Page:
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When people start to figure the self driving cars will replace some vehicles on the road in the very near future, it somehow means the learner in the robot software could reach a very low empirical error to ensue the safety of passengers. The great deal of driving data collected and the deep reinforcement learning algorithms contribute mostly to the success of the self driving practice as we see it.

When it comes to many cases of our own practice, we yet cannot build up a predictive model to such a high accuracy to bring the huge difference to our own business.

My question is, when I saw the machine learning techniques can make revolution on the car driving due to its successful algorithms to implement behavioral cloning tasks well, what is the foremost reason for this success, the big training data set or the deep reinforcement learning techniques or any particular reason in self driving problems?

Furthermore, can this success be copied in most of the practical problems we solve in machine learning? In other words, if today's machine learning techniques can help a car drive by itself, how can I reach the same success when developing my own predictive models to boost my business? If we cannot, what are the constraints, not enough data in the particular case or not a smart model yet? The reason the self driving thrives can help answer this question.

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I'll give a high level answer.

Our Bias on Effort

Although self-driving technology is now on the verge of becoming mainstream, incredible effort has gone into its development. The DARPA Grand Challenge, which helped in this technology's advancement, started in 2004. Imagine the total effort that went into this technology over 13-14 years. Many labs were setup with sole aim of competing in this challenge.

So when you say that we can't replicate the success in our businesses directly, it is better to ask if the comparison is fair. In your business, have you worked on a single problem to such an extent that many bright minds have worked on it for many years? If not, the comparison is not fair (to your business!).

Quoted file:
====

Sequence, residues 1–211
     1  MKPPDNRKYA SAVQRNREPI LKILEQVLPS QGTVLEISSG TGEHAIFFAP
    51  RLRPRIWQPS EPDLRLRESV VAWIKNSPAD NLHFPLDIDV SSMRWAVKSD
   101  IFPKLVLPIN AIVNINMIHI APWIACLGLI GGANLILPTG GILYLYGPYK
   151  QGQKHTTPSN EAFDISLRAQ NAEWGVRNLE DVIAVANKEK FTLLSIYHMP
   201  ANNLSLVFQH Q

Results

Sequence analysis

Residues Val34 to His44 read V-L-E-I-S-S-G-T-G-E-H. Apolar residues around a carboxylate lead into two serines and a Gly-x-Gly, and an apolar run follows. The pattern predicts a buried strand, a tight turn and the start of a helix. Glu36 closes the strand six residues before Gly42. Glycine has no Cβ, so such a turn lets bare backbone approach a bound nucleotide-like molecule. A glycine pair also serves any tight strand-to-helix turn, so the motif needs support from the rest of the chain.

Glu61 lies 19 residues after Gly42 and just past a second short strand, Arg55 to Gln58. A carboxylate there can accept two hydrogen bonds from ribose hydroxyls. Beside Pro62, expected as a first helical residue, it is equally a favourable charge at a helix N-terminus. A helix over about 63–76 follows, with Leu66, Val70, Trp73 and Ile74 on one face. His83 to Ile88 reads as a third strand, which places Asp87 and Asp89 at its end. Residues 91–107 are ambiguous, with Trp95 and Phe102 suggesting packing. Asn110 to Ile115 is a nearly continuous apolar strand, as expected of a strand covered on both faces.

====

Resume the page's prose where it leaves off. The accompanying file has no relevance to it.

Self-driving cars are not overnight success due to a single algorithm.

No Single Secret Sauce

Media reporting makes us believe that there's one algorithm that rules the technology, reality is more complex. Check this review paper on the complexity of tasks. There are many modules involved (sensors, perception, planner and control module, feedback loops). Yes, probability and machine learning plays a large part in all modules, but there's no single oracle algorithm. Old workhorse algorithms like Kalman Filters also shoulder heavy workload, but wouldn't get mentioned in the deep learning hype.

Yes large data helps, reinforcement learning helps. But so do rules inferred from manual interventions and control theory and older algorithms.

Summary

Many areas from engineering (classic control theory, reinforcement learning, machine learning) form the basis of self driving cars. We can't copy over the success to other domain easily: there's no single secret sauce but tons of hard work and solid engineering over long time.

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  • $\begingroup$ Thank you @hssay for your answer. When I talked about the success of self driving, I view it as a machine learning application case and I was highly impressed by the model's performance. So, based on this fact, I would like to generalize the drivers for this machine learning success: the data or the algorithm or any other factors? So, in my mind, maybe there is an answer in a format like: because point 1, point 2... the self driving modelling can be of success, But in our own case, there is some difference that would restrain our models to perform that perfectly. $\endgroup$ – LUSAQX Jan 4 '18 at 20:55
  • $\begingroup$ Indeed, my question is expecting a high level answer in terms of a general methodology about the successful machine learning modelling. Overall, if machine learning can help a car drives by itself, why I cannot always use machine learning to build a model to predict a business problem well enough? I don't get enough data, not having smart features or not developing an advanced model? If I deem the self driving a benchmark for machine learning performance, then I would like to know why my model fail to reach that success and what kind of efforts I can make as people do it in self driving? $\endgroup$ – LUSAQX Jan 4 '18 at 21:08
  • $\begingroup$ To my one last year experience in machine learning, I personally figured it is generally two main factors behind any machine learning practice: the data (signal) and the algorithm. But what I still don't know is the specific data characteristics and algorithm design in self driving success. So, maybe someone with professional self driving knowledge can demonstrate it a bit more and then we can take it as a reference to see why we cannot copy it in our own cases. $\endgroup$ – LUSAQX Jan 4 '18 at 21:16

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